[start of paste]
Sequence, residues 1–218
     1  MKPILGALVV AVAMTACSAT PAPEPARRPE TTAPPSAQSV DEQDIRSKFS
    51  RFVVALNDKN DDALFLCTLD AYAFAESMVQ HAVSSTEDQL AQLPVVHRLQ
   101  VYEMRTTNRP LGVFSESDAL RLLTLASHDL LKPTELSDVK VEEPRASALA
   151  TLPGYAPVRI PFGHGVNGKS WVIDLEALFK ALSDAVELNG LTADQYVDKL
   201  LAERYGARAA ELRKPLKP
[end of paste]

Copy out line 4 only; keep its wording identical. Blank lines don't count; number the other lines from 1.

   101  VYEMRTTNRP LGVFSESDAL RLLTLASHDL LKPTELSDVK VEEPRASALA